What happened: The Securities and Exchange Commission launched their FinHub portal, a site that serves as the agency’s “strategic hub for innovation and technology.” It’s accessible to the public and also will serve as an exchange of ideas for those in the industry and other regulators. The hub covers four topical areas: (1) blockchain/distributed ledger, (2) digital marketplace financing, (3) automated investment advice, and (4) artificial intelligence/machine learning. Under each topic, there are links to current regulations, investor information and various speeches and presentations.

Why it matters: There’s not actually much to this—it’s basically a page with links to 25 SEC documents relevant to AI, Automated Advice, Blockchain and Crowdfunding. While this isn’t exactly groundbreaking, accessible resources are going to be especially useful in such a highly regulated space. It’s a step in the right direction.

Fidelity Plans Open Architecture Digital Store

What happened: Fidelity is launching its open architecture digital store, Wealthscape Integration Xchange, to reaffirm its commitment to working and integrating with outside tools. “By putting the building blocks all in one place, we’re simplifying the user experience and helping clients efficiently create the right technology offerings for their businesses,” said Tricia Haskins, vice president for Fidelity Institutional’s digital strategy and platform consulting division.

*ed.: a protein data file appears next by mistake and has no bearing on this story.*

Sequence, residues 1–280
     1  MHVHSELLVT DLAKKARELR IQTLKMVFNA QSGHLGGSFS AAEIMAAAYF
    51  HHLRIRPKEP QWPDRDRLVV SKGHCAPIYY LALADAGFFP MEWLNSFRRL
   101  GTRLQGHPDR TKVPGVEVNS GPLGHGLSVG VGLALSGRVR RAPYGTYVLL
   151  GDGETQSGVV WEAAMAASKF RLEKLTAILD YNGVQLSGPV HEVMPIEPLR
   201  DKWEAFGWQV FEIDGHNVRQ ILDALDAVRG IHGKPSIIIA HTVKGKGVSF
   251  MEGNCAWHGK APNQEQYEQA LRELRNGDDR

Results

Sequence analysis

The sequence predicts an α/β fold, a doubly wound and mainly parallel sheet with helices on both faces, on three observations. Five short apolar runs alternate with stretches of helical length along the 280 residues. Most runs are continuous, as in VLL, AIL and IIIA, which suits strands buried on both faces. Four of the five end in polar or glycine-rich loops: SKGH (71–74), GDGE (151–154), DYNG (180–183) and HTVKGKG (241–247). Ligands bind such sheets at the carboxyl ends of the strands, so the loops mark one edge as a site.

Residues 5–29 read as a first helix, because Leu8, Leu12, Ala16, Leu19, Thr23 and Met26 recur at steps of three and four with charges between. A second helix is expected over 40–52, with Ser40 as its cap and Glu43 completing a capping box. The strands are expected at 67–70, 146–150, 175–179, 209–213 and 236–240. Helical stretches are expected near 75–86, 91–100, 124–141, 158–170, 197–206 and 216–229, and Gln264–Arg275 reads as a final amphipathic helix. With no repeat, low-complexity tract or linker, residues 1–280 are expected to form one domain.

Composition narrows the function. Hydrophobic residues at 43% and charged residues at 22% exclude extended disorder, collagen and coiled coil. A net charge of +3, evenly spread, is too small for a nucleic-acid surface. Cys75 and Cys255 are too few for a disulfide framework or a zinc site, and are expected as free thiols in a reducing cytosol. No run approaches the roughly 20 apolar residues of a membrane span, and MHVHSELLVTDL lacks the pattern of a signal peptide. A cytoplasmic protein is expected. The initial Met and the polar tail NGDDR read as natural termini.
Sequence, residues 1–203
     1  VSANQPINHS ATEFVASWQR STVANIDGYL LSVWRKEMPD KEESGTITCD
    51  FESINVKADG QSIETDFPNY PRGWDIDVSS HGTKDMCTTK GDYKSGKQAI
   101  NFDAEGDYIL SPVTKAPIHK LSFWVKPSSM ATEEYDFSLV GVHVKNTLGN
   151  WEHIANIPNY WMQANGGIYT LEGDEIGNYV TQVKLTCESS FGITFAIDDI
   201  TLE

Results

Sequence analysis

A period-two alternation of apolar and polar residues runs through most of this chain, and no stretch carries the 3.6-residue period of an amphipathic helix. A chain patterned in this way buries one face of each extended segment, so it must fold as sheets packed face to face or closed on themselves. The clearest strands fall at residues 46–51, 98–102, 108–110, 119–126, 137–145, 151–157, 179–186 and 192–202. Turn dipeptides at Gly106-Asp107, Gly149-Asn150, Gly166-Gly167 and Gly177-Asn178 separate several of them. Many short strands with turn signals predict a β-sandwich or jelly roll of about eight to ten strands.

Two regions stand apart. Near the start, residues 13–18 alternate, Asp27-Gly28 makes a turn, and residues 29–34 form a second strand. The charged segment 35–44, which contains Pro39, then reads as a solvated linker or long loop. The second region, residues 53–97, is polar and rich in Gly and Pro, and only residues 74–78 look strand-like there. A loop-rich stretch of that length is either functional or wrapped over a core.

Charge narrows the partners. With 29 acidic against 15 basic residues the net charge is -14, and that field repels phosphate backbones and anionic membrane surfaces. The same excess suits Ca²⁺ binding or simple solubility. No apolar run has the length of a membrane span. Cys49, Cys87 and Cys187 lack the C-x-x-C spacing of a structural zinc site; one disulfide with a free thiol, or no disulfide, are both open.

Why it matters: Fidelity has come a long way in terms of integration, so this move is largely about them organizing compatible tools in one spot. The major custodians have all been in a race to integrate for some time; TD Ameritrade got the ball rolling more than eight years ago and Charles Schwab just set a goal to double integrations by the end of 2019. Thumbs up to Fidelity for doubling down on these efforts.

HSBC Enters Digital Advice Space

What happened: HSBC Bank USA and Marstone Inc. announced a partnership to develop HSBC Wealth Track, a software-based investment advice platform. Wealth Track will allow clients to quickly create a diversified low-cost portfolio for both retirement and non-retirement accounts. The partnership will begin its pilot this month but is already fully integrated with Pershing LLC, HSBC’s custodian.

Why it matters: A big bank enlists the services of a white-label tech provider to build a self-directed investing solution. That sounds familiar, doesn’t it? We’re still in the early stages, and these products almost always take longer to launch and cost more to build than expected. After that is when the uphill battle of client acquisition really begins. Then again, maybe this takes off, democratizes investing, and provides a path to real advice. I’ll happily flip that thumb right-side-up if it happens.